Scientists were fascinated by this enormous mound inside a big circular depression at the south pole- dubbed Rheasilvia. This stereo image was recorded from an altitude of about 1,700 miles (2,700 kilometers) above the surface and shows the structure of the mountain, displayed in the right half of this 3D image. The base of the mountain has a diameter of about 125 miles (200 kilometers), and its altitude above the surroundings is about 9 miles (15 kilometers). The vicinity of the peak of the mountain shows landslides that occurred when material from the flanks of the mountain were slipping down. Also visible are tectonic structures from tension in Vesta's crust. Credit: NASA/JPL-Caltech/UCLA/MPS/DLR/IDA

Vesta is the smallest terrestrial planet in our Solar System”, said Chris Russell in an interview with Universe Today. “We do not have a good analog to Vesta anywhere else in the Solar System.”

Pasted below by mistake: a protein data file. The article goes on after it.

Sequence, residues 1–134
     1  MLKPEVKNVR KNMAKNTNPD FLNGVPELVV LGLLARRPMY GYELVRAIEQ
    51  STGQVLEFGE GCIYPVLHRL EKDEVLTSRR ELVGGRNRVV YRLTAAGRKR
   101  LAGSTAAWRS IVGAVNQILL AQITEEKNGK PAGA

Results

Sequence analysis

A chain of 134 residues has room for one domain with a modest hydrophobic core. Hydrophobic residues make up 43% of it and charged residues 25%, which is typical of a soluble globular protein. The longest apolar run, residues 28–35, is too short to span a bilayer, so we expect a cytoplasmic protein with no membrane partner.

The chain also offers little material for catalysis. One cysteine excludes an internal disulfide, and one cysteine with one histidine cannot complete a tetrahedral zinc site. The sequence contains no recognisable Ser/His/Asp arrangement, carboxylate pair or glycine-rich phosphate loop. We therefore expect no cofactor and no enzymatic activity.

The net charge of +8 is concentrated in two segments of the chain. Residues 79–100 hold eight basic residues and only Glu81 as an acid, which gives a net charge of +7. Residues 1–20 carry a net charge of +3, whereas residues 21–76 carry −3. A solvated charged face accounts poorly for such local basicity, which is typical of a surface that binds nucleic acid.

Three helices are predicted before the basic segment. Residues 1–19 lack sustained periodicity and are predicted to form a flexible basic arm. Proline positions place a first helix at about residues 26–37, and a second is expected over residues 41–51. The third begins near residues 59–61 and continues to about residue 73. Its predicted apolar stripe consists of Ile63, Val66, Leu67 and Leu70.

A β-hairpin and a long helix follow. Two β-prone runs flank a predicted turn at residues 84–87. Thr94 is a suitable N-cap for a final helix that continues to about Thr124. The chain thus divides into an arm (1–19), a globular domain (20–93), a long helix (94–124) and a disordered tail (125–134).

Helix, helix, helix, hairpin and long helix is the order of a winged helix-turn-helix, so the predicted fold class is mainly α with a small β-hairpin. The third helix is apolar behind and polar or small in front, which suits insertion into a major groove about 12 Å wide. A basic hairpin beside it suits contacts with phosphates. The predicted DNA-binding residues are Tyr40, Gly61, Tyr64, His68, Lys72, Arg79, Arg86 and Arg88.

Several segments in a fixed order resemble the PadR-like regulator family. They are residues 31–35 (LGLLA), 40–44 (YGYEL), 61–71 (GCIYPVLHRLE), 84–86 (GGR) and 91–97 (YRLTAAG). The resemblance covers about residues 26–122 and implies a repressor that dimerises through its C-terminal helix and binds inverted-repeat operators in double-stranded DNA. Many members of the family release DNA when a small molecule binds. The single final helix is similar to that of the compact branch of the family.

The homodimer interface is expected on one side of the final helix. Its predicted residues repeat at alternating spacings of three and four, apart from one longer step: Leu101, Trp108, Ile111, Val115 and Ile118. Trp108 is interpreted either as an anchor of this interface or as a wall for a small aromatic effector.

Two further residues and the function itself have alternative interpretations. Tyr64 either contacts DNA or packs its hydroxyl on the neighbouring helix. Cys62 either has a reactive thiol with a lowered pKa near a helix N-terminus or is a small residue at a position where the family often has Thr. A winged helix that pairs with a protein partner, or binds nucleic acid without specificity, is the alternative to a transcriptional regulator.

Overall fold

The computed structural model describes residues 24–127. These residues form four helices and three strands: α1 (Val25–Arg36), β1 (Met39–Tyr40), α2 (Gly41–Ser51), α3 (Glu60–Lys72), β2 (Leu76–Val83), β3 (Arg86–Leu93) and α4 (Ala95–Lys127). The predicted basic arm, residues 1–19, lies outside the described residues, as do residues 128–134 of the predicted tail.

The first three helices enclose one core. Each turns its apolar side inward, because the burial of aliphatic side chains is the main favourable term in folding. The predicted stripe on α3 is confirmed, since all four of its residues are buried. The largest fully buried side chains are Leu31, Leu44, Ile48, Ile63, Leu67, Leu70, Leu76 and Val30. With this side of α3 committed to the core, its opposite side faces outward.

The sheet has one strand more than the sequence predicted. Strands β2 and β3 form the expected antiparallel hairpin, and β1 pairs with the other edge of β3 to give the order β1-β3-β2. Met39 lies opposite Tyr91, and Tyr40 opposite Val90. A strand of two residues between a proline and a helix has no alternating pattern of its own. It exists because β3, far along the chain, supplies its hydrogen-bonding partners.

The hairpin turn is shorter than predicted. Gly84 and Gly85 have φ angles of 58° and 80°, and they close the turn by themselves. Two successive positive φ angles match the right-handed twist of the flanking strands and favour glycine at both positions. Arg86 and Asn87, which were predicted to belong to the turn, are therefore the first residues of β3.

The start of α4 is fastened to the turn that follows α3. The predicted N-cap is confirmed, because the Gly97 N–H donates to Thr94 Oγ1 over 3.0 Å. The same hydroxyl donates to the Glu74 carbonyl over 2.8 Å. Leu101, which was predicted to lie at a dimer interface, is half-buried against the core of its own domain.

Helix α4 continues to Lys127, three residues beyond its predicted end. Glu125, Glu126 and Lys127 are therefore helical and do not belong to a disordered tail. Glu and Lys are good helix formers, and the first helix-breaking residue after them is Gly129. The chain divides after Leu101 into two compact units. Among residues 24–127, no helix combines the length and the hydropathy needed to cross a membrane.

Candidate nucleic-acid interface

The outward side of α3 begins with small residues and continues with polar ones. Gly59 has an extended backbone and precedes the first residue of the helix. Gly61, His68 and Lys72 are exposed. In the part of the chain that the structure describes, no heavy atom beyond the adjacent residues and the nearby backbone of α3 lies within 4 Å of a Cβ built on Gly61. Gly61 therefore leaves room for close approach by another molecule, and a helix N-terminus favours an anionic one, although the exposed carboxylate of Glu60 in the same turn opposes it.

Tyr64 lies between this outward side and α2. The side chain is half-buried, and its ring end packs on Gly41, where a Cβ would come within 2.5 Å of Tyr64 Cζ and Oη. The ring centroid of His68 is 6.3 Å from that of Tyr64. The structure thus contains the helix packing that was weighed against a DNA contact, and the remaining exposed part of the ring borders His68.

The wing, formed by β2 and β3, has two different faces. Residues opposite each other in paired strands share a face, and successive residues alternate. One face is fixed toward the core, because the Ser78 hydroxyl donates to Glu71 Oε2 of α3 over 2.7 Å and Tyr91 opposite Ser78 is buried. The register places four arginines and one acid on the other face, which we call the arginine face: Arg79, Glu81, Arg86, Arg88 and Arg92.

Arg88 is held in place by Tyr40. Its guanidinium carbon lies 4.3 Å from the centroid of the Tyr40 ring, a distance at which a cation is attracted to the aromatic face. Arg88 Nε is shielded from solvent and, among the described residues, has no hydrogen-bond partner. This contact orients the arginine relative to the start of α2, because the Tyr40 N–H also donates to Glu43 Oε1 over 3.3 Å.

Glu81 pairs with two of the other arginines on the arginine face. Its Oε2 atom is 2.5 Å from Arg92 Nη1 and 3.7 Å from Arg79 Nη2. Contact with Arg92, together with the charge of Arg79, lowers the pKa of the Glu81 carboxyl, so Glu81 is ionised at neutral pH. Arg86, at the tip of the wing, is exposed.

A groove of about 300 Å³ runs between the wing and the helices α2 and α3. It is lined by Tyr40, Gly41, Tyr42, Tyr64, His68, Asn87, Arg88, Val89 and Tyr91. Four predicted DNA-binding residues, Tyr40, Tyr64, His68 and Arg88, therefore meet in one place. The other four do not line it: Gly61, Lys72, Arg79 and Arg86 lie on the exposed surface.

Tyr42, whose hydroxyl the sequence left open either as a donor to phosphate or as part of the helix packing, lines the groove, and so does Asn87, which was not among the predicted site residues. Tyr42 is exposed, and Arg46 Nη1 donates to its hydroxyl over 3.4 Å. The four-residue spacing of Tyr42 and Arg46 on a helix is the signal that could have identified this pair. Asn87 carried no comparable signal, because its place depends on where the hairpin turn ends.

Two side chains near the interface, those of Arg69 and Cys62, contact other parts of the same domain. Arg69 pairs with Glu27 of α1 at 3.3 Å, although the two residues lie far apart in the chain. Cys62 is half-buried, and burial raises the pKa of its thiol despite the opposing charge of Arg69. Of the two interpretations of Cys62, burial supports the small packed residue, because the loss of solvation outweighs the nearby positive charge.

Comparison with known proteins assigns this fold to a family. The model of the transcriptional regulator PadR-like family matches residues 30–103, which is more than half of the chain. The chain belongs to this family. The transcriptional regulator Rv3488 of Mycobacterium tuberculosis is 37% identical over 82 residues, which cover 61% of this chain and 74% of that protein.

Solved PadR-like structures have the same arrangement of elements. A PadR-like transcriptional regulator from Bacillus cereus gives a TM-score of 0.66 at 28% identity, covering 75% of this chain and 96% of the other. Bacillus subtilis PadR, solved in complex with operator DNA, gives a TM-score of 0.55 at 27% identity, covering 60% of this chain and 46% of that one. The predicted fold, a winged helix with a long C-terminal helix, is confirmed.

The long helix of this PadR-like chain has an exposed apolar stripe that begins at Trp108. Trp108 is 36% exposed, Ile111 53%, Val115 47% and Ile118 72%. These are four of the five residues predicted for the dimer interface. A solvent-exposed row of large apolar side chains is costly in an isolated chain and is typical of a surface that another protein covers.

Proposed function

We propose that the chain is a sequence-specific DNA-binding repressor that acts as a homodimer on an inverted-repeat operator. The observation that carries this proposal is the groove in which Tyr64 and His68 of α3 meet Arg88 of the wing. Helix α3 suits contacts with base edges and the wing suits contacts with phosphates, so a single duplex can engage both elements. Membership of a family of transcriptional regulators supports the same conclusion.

And the best is yet to come. In a few days, Dawn begins snapping images from a much lower altitude at the HAMO mapping orbit of ca. 685 km vs the initial survey orbit of ca, 2700 km. where most of these images were taken.

Can you find the location of the 3 D South Pole images above in the 2 D South Pole image below?

Topography of Densely Cratered Deformed Terrain
This 3 D anaglyph image shows the topography of Vesta's densely cratered terrain obtained by the framing camera instrument aboard NASA's Dawn spacecraft on August 6, 2011. Credit: NASA/JPL-Caltech/UCLA/MPS/DLR/IDA